The name Endcount refers to the current total population of a species that is close to extinction. A number tending towards zero. Humans have had a dramatic impact to planet Earth. Our population has grown from 2 billion in 1927 to 7 billion today. Our rapidly growing demand for food, shelter, material goods and individual wealth comes at a huge cost to the environment and the creatures that share our planet with us. We have impacted some species so much that they now number fewer than 35 individuals left in the wild. Over 4000 species are classed as critically endangered and almost 6000 species are endangered.
To bring attention to the human impact on the cohabitants of our planet by putting the message in a context that raises awareness and provokes conversation. Our first project is focused on key species threatened with extinction across the globe. We want to create beautiful and thought provoking art that changes the way people think about these problems. At the same time we want to raise the profile of charities working to save these species and to assist with fundraising for them.
Endcount is a collaboration between Aurelie Perthuis (Lily) and Joe Bramwell-Smith. We met whilst working at News.com.au where we were telling news stories in innovative ways through multimedia interactive content. In 2010 we started collaborating on an idea of Lily’s for an art project documenting threatened species and data. Lily wanted to create artworks using the numbers found on IUCN Redlist and other sources, She then approached Joe who was at that time a multimedia developer, to create an application. After discovering a mutual interest in the subject matter and compatible skills we sat down to work out how we could best get the message out there and Endcount was born.
Our first initiative was a series of artworks that aim to highlight the declining numbers of certain endangered species through a mixture of fine art and data visualisation. Each piece is a mix of code, print, canvas and paint that captures the extreme fragility of these creatures. Each artwork is a representation of the total number of remaining members of a given species ranging from a few hundred to a number of thousand.
We started by building an app that we can use to create the base of the artwork. The app allows us to dynamically generate the current number of creatures in the wild. We then start by sketching the species to be reproduced in vector. Once the digital version is generated and then finished in Illustrator it is sent to the printer to come back as a paint-ready physical canvas which is then painted over to provide depth. The process combines research, fine art, code, digital art, printing and painting to create a totally unique representation of the species at risk.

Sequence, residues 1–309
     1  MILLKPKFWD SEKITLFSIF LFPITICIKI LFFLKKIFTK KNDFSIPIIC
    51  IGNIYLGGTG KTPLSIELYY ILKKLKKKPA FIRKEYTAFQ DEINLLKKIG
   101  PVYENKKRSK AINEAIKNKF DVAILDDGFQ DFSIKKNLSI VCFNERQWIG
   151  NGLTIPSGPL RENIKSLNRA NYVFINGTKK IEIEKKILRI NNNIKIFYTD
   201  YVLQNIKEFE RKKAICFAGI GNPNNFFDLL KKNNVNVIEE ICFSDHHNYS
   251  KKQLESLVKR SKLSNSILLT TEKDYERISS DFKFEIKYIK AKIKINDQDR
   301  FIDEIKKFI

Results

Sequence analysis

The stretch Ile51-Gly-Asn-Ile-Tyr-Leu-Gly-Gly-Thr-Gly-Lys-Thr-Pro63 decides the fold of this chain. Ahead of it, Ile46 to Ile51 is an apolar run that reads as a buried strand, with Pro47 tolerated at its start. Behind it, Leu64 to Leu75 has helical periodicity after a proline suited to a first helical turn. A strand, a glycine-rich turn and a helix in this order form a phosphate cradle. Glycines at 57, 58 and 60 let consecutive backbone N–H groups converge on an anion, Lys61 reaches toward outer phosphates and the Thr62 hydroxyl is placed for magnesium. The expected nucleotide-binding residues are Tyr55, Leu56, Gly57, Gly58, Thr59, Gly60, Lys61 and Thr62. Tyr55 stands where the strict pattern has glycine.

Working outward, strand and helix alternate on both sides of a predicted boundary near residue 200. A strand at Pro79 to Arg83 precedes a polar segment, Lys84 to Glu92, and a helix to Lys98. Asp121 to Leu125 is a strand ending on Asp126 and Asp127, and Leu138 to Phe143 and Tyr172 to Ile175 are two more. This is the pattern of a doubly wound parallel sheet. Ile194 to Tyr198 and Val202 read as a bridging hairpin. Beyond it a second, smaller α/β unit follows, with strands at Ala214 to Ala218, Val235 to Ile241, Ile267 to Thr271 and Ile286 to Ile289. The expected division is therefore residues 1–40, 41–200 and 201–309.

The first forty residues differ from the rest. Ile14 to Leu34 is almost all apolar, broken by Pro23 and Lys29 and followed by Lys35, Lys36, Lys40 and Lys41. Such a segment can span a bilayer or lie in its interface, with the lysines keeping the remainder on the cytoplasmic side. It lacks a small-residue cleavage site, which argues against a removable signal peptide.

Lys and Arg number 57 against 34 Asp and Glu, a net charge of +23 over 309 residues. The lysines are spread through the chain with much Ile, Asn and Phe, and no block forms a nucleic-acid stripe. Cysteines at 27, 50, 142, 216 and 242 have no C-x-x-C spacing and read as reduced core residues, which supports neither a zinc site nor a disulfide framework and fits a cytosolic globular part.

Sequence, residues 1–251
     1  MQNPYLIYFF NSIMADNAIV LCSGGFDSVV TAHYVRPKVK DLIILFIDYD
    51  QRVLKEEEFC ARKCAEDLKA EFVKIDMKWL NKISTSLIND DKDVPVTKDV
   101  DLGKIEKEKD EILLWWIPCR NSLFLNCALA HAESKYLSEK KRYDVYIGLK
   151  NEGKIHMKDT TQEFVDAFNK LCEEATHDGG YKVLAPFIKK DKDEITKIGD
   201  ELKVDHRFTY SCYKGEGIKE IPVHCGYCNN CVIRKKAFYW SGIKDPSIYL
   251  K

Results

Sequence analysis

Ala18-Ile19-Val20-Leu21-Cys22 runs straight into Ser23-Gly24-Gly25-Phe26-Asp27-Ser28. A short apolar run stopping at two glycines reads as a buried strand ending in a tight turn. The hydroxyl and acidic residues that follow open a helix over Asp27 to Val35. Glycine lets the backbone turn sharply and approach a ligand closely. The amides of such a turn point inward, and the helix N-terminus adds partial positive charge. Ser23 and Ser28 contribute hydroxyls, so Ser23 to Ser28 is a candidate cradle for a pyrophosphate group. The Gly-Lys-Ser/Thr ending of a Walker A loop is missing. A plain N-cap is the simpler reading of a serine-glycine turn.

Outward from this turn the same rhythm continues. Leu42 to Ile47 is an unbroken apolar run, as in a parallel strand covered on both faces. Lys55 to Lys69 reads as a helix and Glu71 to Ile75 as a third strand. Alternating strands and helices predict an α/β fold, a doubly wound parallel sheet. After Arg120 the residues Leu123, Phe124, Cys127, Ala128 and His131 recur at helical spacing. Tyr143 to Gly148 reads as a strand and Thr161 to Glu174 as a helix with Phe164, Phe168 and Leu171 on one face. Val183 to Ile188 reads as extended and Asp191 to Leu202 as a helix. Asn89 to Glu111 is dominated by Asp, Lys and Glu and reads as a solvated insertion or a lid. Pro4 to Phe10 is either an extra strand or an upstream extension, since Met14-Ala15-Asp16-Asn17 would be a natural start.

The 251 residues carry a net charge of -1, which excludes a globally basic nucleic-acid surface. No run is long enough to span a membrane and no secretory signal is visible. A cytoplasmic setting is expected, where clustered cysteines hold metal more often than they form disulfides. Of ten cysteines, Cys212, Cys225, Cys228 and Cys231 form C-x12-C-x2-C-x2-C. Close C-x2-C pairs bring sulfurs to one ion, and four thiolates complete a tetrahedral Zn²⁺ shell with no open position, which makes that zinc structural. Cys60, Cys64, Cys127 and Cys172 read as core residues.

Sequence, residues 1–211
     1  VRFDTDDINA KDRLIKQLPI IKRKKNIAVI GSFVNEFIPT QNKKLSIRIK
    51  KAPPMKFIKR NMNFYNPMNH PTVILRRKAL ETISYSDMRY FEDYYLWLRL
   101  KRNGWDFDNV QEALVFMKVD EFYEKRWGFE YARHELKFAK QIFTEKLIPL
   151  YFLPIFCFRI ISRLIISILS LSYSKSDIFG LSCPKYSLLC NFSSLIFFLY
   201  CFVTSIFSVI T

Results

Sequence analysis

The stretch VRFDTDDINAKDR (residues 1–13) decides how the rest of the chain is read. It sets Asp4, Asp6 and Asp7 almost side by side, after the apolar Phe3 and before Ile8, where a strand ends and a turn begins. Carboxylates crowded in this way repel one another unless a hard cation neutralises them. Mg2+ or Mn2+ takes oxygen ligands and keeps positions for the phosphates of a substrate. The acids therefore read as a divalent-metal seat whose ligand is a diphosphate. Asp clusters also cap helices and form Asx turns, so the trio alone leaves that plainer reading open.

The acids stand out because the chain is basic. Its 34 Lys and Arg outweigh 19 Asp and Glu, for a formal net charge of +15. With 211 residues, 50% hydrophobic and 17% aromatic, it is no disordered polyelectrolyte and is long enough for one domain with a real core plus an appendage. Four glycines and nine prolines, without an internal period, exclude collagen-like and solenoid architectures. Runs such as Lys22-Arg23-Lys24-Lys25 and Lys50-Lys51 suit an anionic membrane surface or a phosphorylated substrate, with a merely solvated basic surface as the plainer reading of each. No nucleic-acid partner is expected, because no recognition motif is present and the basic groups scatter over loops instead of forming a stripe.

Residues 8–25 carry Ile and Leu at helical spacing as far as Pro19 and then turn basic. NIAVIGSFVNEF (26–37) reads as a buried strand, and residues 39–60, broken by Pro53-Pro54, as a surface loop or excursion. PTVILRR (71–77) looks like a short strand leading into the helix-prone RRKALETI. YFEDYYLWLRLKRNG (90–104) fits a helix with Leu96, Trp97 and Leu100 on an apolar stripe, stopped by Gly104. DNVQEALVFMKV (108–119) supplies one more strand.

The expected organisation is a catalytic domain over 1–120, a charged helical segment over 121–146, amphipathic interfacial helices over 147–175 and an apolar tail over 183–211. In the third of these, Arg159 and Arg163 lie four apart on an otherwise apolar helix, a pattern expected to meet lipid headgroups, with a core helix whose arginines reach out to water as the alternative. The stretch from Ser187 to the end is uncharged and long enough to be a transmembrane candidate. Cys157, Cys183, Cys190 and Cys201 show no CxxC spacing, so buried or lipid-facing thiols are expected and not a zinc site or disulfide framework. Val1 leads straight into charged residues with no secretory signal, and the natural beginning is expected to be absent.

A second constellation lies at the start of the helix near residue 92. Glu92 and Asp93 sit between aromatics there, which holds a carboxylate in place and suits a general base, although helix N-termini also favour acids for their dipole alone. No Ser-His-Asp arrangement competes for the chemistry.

Painter, Digital artist
Lily Perthuis is a french born artist / designer living in Australia since 2004. She now works part time as an editorial designer for one of the largest publishing companies in Australia and is pursuing her dream as an artist. She has been commissioned in various art projects including an exhibition in Melbourne and Sydney. Lily’s work was also featured in the 2010 Semi-Permanent book, a few magazines, the TOP design TV shows and various blogs. Lily has a passion for art, technology and storytelling and maintains a strong link between her digital design work and physical art. “As a figurative painter, I mainly depict the human-animal interaction in our modern society through the making of art. Our fast-paced modern world doesn’t always allow us to experience an intimate connection with the natural world we are hoping to save.” Lily Perthuis www.lilyartist.com
Engineer, Product Manager, Digital Artist
Joe Bramwell-Smith is an English born digital strategist and product manager who has lived in Australia since 2003. His skills include: software development, web design, digital art, product management, digital strategy and marketing. Joe’s working life has involved some of the largest technology and publishing companies in the world as well as advertising, digital agencies and technology startups. “I am struck by the complacency that many feel towards the world we live in. By creating this work and promoting it I hope to encourage people to think about the impact that they are having, change their behaviour and actively participate in the conservation of our planet.” Joe Bramwell-Smith.